The latest Polish beer donated to Sloggers’ Roost by my Polish co-workers is brewed at 5.9%. The Polish for brewed is ‘warzone’. Once one knows this, everything else falls into place. In my limited experience to date, Polish festivities can quickly turn into hostilities and then fatalities once the beer-vodka chasing starts in earnest.
I’m happy to say that neither of my girls are big drinkers, and my son-in-law’s been on the wagon forever: so Christmas day here required just one bottle of warzone beer to get me in the mood. My younger daughter lives in Oz and has followed her Dad into the communications business – hence her turning latterly into something of a red wine buff. The only way one can be effective when communicating in the commerce space is to know the wine lists in the best restaurants comprehensively, as nothing gets done without those two elements. But today she drank a glass of 2012 Medoc while I went for some young Chateauneuf du Pape. Both bottles were vacuvinned after lunch and remain two-thirds full.
The main drama of the day was a fire in the oven, caused by slovenly Italian design, as dripping from the Capon leaked onto the base and into the gas flame below. Whereas The Slog’s reaction was very Basil Fawlty and f-f-f-f-f-f-fire! fire!, my elder daughter is ice-cold under such circumstances, and immediately soaked a dishcloth before snuffing out the flames with it. Despite all that nonsense, the bird was cooked to near-perfection, and the stuffing was historic.
Once again, Poland gets 11/10 for the stuffing. It was a farm-made pork mince base with spices, to which I added chopped onions, garlic, chestnuts, cherries, breadcrumbs and two whisked eggs as binding. There’s tons left over, but only because the Capon meat was sooooo good. One of the unsung winners when cooking chick is to rub the skin all over with a mixture of good quality olive oil, sea-salt and Colmans powdered English mustard. It never fails. But quality (pronounced by footballers “quali-eee”) fowl is well worth the 25% premium one must pay here in France. No water comes out of such birds at all – just clear fat from an A1 diet. This confuses Italian ovens, and so they immolate in protest.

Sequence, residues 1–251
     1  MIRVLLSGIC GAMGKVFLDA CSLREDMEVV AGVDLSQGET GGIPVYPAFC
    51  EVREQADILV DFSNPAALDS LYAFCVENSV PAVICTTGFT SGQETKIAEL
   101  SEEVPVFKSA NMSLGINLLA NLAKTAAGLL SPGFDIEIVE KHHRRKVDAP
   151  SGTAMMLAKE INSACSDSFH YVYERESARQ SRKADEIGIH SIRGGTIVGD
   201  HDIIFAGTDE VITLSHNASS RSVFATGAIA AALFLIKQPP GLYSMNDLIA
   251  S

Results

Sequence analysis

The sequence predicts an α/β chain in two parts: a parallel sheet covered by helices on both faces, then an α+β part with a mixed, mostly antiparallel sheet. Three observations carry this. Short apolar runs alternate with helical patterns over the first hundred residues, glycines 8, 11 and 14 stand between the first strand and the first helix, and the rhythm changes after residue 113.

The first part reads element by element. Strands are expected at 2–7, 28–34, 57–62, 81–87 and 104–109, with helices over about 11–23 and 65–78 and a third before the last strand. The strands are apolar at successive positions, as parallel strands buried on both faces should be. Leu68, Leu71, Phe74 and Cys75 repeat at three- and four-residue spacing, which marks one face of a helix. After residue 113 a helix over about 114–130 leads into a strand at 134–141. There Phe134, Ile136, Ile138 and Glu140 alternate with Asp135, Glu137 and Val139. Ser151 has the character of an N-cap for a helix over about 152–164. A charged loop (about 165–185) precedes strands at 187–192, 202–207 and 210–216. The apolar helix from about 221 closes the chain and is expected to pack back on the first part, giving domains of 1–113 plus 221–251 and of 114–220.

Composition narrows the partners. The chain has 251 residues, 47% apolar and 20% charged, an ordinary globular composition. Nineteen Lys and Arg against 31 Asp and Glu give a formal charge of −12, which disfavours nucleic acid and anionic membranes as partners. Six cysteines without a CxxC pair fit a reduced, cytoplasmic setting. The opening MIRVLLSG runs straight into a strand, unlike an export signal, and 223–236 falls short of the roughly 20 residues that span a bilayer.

We were going to go on to apple and damson pie from the gardens of Sloggers’ Roost, but somehow the flesh was weak. I went off to snore loudly in the den while others fiddled with phones, laptops, androids, televisions and Ipads. It was 6.30 pm by the time I surfaced, just in time to catch Tom Hanks in the 45th repeat of Big. In terms of broadcast telly, that was as good as it got. Granddaughter Lyla said her last “Uh-ooh” at 7.15 pm. My younger daughter (she still being on Queensland time) zonked into a coma around 8pm. It was the ultimate depraved rock n roll Christmas.
But beyond the confines of roasting capons, Britain was set to plumb the depths of yet more organisational chaos and incompetence. Hundreds of thousands of travellers will face chaos as every single main route on Britain’s railways is closed on Boxing Day. While in Opposition, the Conservatives slammed New Labour for this total shutdown. Now the Ed Miller Band is slamming the Coalition for the same thing. And so, with all doors slammed, there are still no services. As ever, 100% propaganda, 0% solution.
And there’s more: Brits are warned that a ferocious winter onslaught is imminent: the so called ‘Boxing Day bomb’ will see gale-force winds and heavy snow pummel vast swathes of Britain. It promises a perfect storm of severe weather, people travelling to visit friends relatives and bargain hunters taking advantage of the sales to add to the chaos on the roads….thanks to a closed rail service.
A winter of discontent may not be what we want, but it could well be what we need. There is many a slip between Tory lip, Labour cup, and UKip.